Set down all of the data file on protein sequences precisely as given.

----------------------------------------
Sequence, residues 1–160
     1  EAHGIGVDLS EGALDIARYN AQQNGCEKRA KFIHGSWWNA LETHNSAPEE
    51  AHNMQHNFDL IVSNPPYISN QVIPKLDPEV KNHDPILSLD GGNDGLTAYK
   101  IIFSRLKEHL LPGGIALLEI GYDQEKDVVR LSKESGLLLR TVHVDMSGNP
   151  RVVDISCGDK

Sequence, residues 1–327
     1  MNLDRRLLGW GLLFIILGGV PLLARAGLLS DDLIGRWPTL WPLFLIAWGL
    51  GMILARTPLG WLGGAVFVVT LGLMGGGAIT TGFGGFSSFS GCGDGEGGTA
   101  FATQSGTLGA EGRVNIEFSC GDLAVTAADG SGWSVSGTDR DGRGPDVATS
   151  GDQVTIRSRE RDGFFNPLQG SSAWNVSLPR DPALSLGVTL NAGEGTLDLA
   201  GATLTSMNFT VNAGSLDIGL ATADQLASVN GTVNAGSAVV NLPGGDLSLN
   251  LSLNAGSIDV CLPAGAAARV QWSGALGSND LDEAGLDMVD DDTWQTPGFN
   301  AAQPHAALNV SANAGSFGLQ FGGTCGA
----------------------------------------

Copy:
Sequence, residues 1–160
     1  EAHGIGVDLS EGALDIARYN AQQNGCEKRA KFIHGSWWNA LETHNSAPEE
    51  AHNMQHNFDL IVSNPPYISN QVIPKLDPEV KNHDPILSLD GGNDGLTAYK
   101  IIFSRLKEHL LPGGIALLEI GYDQEKDVVR LSKESGLLLR TVHVDMSGNP
   151  RVVDISCGDK

Sequence, residues 1–327
     1  MNLDRRLLGW GLLFIILGGV PLLARAGLLS DDLIGRWPTL WPLFLIAWGL
    51  GMILARTPLG WLGGAVFVVT LGLMGGGAIT TGFGGFSSFS GCGDGEGGTA
   101  FATQSGTLGA EGRVNIEFSC GDLAVTAADG SGWSVSGTDR DGRGPDVATS
   151  GDQVTIRSRE RDGFFNPLQG SSAWNVSLPR DPALSLGVTL NAGEGTLDLA
   201  GATLTSMNFT VNAGSLDIGL ATADQLASVN GTVNAGSAVV NLPGGDLSLN
   251  LSLNAGSIDV CLPAGAAARV QWSGALGSND LDEAGLDMVD DDTWQTPGFN
   301  AAQPHAALNV SANAGSFGLQ FGGTCGA